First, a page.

Information technology auditing is important to the financial auditor and to the financial statement audit because IT is the foundation of today’s accounting systems. IT audits are crucial for ensuring that a company’s financial statements are a representation of the company’s position and that the system used to compile the statements is operating properly and producing accurate statements.
IT auditing allows the auditors to provide a more effective financial audit because it provides the auditor with the processes and information that the client used to prepare the statements. IT auditors have three objectives; to prove “the confidentiality, Integrity, and availability of data”. Both the IT auditors and the financial auditors can decide what processes best ensure reliability of the financial statements. (Wood, Brown, & Howe, 2013) There are five management assertions that are considered during all types of audits; existence, completeness, rights and obligations, valuations, and auditing procedures.
IT audits go beyond proving that the company’s financial statements pass all five management assertions, instead they delve beneath the top layer of information provided by the company and search within the software to find whether the system the company uses to document all of their financial fights against intentional and unintentional misstatements. For example, when an auditor is proving existence they will typically look at the sales Journal to see what item was sold and then prove that the Item was actually sold.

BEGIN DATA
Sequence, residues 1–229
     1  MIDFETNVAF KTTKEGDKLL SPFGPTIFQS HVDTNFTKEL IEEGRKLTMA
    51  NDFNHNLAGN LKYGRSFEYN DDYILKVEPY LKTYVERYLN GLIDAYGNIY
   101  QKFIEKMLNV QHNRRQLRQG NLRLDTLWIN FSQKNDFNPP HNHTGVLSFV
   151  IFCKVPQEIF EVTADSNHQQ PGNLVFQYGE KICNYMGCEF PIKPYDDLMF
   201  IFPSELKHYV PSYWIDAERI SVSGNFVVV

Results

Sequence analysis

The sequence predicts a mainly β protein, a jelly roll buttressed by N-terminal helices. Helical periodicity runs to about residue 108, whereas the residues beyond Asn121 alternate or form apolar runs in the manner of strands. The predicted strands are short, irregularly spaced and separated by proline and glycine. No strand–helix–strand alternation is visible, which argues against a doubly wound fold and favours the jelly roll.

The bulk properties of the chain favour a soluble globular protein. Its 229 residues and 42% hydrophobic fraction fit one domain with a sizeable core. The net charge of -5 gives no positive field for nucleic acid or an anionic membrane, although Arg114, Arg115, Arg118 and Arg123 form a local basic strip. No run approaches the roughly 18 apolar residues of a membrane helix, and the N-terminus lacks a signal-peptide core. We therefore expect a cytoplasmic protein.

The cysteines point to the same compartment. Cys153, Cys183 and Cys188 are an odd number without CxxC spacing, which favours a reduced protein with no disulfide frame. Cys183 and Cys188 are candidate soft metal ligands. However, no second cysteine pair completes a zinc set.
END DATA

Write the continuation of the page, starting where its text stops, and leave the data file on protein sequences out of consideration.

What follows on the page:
An IT auditor will “break Into the system” and read the code that proves that when a piece of Inventory Is bought the system registers It In he sales Journal and In the Inventory Journal. He Is responsible for ensuring that “all necessary and required controls exist”. When proving completeness, an IT auditor is responsible for verifying that the controls in place are working properly. Considering the example mentioned above, to prove completeness, instead of simply verifying that a control exists for making the necessary changes in the sales Journal and inventory, the auditor would have to prove that the appropriate changes are actually made. Wood, Brown, & Howe, 2013) (Audit Objectives and Evidence, 1999) Rights and obligations attest to the company’s legal status of its assets and liabilities. An IT auditor would use this assertion to prove that the Information used in the systems Is legitimate and that there are controls In place to maintain the Integrity of the Information Inputted. A financial auditor considers the valuation assertion as a way of proving accuracy within a company’s estimates that are used as the corner stones of the valuations of their assets and liabilities.
An IT auditor would assess the tables, the design and accuracy of spreadsheet models and the integrity of repository data source”. Financial auditors substantiate that accounting procedures are in place by examining who performs the task, such as preparation and posting of end of period adjusting entries, and that the task was completed. An IT auditor would focus on determining whether such task was performed by the person that was actually assigned the task. Wood, Brown, & Howe, 2013) IT controls relating to the above assertions, as well as all other IT controls, need to be assessed regularly in order to guarantee that the company is protected against misstatements and weaknesses within their system. Over time, companies have become more and more IT integrated. This means that companies face new challenges as the demand for software applications increases and more software products are placed on the market, before companies did all of their financial work by hand.
It was normal to take out a calculator and a number two pencil and begin a tally when counting inventory. Today, companies use software that counts the inventory that is being purchased and in turn deducts it out of the outstanding inventory balance. With the new technology, companies are challenged to find ways to protect themselves from errors and provide their clients with integral financial statements. Because of this “newer” challenge, IT audits are vital to ensuring that the company has the correct controls in place to cover all of the bases.